figure: Fig. 5.

Fig. 5. Evolution of speckle size versus the reduced scattering coefficient for all samples.

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Thus, the speckle size is indicative of the scattering characteristics of a medium, and a polarization analysis evidences “the polarized scattering volume”, but this parameter depends on the type of polarization as well as on the scattering medium under analysis. For example, Fig. 2 shows that the incident polarization-keeping photons have traveled at a depth closer to the surface than the depolarized ones. This property induces a small polarized volume (large speckle size) for the former, and a large depolarized volume (small speckle size) for the latter. The noticeable difference observed with the 0.20-µm microspheres between the sizes of the cross linear and linear polarized speckles (46.3 and 61.0 µm, respectively, for µs =140 cm-1) evidences that the incident polarization-maintaining light traveled nearer the surface than the depolarized light; the relation dyfc > dytc indicates a flip in helicity for the circular polarization in agreement with the measurements of polarization degrees (Table 2).

Table 3 gives the size of speckles (dypl , dycl , dytc and dyfc ) and the polarization degree in the case of skimmed, semi-skimmed and whole milk. Whatever the milk, the small particles of casein induce dyfc > dytc . Moreover, when µs =42 cm-1, the more the milk is skimmed, the larger the speckle is; a higher concentration in large particles reduces the speckle size in agreement with the experimental data reported above for mixtures of small and large microspheres.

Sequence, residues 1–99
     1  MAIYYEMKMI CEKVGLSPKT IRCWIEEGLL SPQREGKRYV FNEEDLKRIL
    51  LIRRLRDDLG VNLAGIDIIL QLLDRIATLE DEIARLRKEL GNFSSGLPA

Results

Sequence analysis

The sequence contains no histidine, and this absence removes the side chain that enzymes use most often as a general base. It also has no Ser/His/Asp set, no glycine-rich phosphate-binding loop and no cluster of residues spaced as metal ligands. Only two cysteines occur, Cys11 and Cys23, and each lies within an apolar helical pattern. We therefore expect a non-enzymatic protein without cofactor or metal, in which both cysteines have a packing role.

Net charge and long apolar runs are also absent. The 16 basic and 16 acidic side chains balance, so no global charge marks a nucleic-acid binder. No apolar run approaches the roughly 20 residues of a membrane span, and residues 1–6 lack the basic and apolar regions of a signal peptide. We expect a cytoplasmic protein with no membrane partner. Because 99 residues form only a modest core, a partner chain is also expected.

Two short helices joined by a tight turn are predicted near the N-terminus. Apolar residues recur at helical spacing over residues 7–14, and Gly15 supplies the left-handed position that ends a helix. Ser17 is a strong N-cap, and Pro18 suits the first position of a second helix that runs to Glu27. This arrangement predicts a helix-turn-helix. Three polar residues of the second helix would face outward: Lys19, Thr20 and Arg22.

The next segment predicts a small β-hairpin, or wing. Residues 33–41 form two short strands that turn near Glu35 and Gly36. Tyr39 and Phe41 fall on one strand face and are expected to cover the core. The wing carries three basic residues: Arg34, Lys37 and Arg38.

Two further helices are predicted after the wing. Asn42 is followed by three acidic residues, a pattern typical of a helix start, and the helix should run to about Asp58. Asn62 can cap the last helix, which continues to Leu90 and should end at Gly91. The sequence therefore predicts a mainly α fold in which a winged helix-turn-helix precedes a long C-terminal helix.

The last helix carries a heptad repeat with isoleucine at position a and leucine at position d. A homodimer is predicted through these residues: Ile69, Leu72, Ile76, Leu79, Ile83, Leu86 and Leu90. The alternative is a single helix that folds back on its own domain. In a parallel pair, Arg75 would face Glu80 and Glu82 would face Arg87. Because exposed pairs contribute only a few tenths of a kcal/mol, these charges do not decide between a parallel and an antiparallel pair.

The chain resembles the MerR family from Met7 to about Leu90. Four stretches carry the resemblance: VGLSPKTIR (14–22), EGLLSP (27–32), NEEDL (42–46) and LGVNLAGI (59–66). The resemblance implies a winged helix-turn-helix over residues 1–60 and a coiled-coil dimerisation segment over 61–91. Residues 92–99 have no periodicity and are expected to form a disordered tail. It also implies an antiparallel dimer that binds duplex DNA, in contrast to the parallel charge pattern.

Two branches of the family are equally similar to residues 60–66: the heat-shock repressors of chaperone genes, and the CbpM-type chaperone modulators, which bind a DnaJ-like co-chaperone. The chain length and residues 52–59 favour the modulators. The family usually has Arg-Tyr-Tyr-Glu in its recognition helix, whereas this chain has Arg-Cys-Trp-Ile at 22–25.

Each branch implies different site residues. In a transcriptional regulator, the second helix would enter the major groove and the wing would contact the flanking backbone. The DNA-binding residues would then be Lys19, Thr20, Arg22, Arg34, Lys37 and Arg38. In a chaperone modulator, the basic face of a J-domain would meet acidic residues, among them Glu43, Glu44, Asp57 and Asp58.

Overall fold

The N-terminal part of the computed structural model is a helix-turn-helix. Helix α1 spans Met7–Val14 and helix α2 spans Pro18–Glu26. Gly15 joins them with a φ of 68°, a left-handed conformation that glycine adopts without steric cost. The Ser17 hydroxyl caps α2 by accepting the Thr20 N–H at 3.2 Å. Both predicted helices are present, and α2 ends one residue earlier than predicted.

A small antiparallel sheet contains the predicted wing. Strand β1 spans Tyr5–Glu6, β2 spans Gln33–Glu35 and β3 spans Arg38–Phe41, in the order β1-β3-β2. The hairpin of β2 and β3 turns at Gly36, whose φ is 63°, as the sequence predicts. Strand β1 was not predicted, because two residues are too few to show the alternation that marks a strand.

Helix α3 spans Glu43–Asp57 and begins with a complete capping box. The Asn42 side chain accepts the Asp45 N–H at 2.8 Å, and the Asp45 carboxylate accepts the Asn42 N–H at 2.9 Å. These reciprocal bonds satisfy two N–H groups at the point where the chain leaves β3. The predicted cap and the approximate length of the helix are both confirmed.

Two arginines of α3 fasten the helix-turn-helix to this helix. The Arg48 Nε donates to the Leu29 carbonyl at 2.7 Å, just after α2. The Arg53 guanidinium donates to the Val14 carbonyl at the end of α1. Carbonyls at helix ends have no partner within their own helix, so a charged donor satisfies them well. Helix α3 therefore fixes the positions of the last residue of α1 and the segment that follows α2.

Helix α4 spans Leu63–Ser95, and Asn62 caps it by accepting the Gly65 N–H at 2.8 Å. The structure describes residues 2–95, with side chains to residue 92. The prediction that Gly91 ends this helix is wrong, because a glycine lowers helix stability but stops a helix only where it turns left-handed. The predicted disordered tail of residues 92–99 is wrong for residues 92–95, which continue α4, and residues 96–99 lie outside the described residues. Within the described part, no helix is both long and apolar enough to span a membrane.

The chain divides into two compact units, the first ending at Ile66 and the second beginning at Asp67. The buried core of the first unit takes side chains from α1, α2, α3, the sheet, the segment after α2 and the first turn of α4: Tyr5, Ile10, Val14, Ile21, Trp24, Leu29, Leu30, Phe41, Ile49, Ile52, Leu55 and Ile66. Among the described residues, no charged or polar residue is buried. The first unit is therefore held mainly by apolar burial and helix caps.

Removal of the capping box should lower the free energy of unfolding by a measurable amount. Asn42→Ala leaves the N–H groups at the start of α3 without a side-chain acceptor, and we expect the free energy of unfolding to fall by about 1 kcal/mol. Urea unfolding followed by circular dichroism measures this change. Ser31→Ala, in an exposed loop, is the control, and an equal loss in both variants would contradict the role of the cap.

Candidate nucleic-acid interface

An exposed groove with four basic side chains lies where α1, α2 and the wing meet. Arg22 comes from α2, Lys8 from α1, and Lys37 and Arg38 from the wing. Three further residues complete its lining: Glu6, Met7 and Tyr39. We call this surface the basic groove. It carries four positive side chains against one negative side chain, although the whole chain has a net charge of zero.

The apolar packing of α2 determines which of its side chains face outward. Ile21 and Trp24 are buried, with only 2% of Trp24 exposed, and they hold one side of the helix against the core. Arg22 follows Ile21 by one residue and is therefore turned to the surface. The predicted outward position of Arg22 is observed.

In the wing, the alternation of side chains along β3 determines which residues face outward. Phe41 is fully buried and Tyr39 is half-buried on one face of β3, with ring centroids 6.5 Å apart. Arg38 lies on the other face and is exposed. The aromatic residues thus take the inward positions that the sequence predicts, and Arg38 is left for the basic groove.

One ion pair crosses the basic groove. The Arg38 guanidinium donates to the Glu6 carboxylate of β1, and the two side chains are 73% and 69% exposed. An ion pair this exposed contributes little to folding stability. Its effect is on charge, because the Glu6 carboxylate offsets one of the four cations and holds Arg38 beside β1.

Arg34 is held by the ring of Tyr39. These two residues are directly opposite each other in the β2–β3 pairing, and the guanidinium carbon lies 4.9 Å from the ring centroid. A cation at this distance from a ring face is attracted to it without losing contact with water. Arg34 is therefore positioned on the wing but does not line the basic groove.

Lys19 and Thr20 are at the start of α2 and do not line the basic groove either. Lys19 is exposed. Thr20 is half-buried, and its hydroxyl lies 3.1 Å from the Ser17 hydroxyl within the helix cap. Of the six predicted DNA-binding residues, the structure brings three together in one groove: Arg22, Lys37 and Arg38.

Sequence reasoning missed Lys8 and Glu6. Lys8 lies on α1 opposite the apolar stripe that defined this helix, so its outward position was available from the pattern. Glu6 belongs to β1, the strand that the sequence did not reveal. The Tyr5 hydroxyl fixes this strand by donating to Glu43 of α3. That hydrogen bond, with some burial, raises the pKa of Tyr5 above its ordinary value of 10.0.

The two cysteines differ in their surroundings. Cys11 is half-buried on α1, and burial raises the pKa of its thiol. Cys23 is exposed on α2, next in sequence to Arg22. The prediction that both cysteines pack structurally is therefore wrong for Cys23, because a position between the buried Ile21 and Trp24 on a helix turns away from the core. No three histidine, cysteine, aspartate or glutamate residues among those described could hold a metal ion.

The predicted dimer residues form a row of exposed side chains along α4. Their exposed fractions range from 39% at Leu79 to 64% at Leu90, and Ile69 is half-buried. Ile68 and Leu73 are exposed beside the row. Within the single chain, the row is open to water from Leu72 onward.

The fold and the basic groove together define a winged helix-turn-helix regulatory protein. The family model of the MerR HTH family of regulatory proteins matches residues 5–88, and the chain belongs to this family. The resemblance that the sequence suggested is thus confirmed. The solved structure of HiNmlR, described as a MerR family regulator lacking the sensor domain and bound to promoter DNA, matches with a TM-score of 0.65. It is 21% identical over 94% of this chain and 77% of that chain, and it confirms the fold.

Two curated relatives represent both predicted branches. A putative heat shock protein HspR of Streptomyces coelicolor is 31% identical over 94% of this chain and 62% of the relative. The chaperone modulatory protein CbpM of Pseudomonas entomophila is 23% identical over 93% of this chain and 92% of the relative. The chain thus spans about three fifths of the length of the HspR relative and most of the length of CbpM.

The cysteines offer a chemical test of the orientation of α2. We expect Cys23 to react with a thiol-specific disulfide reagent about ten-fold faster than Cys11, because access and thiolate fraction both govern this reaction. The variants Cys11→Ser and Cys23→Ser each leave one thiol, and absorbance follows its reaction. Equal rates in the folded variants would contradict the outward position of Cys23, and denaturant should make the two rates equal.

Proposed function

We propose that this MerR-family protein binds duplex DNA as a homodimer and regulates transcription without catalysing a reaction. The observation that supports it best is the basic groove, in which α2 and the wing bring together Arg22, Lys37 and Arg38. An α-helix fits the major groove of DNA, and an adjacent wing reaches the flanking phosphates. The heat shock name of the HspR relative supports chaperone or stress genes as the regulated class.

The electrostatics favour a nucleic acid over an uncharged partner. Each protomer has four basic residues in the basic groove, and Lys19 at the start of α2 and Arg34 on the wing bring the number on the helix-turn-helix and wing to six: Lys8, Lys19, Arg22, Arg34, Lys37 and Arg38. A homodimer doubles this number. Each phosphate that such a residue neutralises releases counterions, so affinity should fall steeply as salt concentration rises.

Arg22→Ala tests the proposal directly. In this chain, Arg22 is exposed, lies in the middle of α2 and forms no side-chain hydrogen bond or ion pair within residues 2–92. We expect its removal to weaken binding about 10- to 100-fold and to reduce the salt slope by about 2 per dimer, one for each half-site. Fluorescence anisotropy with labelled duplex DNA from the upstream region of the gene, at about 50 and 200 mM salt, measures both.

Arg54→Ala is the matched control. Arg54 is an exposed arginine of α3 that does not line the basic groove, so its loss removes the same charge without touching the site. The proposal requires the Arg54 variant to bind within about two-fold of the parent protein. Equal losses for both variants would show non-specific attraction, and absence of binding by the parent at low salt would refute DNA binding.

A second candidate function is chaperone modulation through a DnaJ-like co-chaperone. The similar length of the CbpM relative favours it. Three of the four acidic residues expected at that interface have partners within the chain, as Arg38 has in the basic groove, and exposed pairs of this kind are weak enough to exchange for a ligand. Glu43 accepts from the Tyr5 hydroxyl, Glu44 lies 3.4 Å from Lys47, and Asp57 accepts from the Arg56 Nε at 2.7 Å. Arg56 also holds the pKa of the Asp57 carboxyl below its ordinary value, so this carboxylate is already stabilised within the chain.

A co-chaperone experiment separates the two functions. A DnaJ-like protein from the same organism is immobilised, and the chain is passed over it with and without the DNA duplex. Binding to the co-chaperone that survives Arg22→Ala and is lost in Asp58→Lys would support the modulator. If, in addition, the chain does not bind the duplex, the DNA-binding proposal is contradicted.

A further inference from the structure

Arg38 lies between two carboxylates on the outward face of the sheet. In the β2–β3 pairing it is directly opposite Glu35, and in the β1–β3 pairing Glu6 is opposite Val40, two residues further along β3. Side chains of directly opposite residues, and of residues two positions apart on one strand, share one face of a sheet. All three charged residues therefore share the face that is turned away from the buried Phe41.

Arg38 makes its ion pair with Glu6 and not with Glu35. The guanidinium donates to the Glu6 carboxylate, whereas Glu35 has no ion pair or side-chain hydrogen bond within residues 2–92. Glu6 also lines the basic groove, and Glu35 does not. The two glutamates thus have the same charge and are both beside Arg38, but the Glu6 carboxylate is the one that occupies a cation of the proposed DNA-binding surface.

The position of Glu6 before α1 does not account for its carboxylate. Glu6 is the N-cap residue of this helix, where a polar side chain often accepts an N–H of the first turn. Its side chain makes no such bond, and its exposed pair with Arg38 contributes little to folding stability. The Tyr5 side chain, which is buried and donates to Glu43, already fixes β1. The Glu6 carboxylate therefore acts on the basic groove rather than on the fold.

Tables Icon

Table 3. dy in µm for different milks, µs =42 cm-1.

Figure 6 illustrates the variations of speckle size (dypl , dycl , dytc and dyfc ) versus µs and the polarization degree versus µs for semi-skimmed milk. As shown above, the speckle size is increasing with the scattering coefficient. Moreover, the evolution of the polarization degree is limited when the scattering coefficient is increasing (see Fig. 6 b). So, our experimental set-up highlighted that any change in scattering coefficient affected more the speckle size than the polarization degree.

 figure: Fig. 6.

Fig. 6. Evolution of speckle size a) and polarization degree b) versus scattering coefficient for semi-skimmed milk.

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Figure 7 depicts the evolution of dypl - dycl versus the scattering coefficient for semi-skimmed milk and evidences the small and random fluctuations of dypl - dycl .; the difference between dyfc and dytc was found to vary more than the one between dypl and dycl (data not shown). Thus, a variation of the scattering coefficient will have no effect on the difference between dypl and dycl only because it depends on the scatterer size-distribution. Table 2 exhibits similarity in the behaviors of the 0.2-µm microspheres at µs =42 cm-1 and µs =140 cm-1 (dypl - dycl =14.7 µm).

 figure: Fig. 7.

Fig. 7. Variations of dypl - dycl versus the scattering coefficient for semi-skimmed milk.

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Moreover, for the samples containing scatterers of different sizes (milk and mixtures of polystyrene-microspheres), Table 4 shows a decrease of dypl - dycl with increasing concentration of large scatterers. According to Table 2, for big scatterers (for example, 3.17-µm microspheres and the 1.44-µm ones at µs =140 cm-1 and µs =930 cm-1), the differences between dypl and dycl are small and around 2 (2.4 and 2.1).

Tables Icon

Table 4. dypl - dycl in µm for sample with distribution in size of scatterers. Mix (1:1): 1:1 volume ratio mixtures of 0.20-µm microspheres (µs =140 cm-1) and 1.44-µm microspheres (µs =140 cm-1), Mix (1:5): 1:5 volume ratio mixtures.

Finally, Table 5 gives the experimental data got with samples of human blood and pig skin. Optical characteristics for blood at λ=633 nm are typically µa =25 cm-1, µs =400 cm-1 and g=0.98 [5]. The high value of g and the dominance of large scatterers in blood both explain why dyfc is less than dytc in agreement with previous data. Conversely, the skin biopsies gave dyfc > dytc because of the wide size distribution of scatterers.

Tables Icon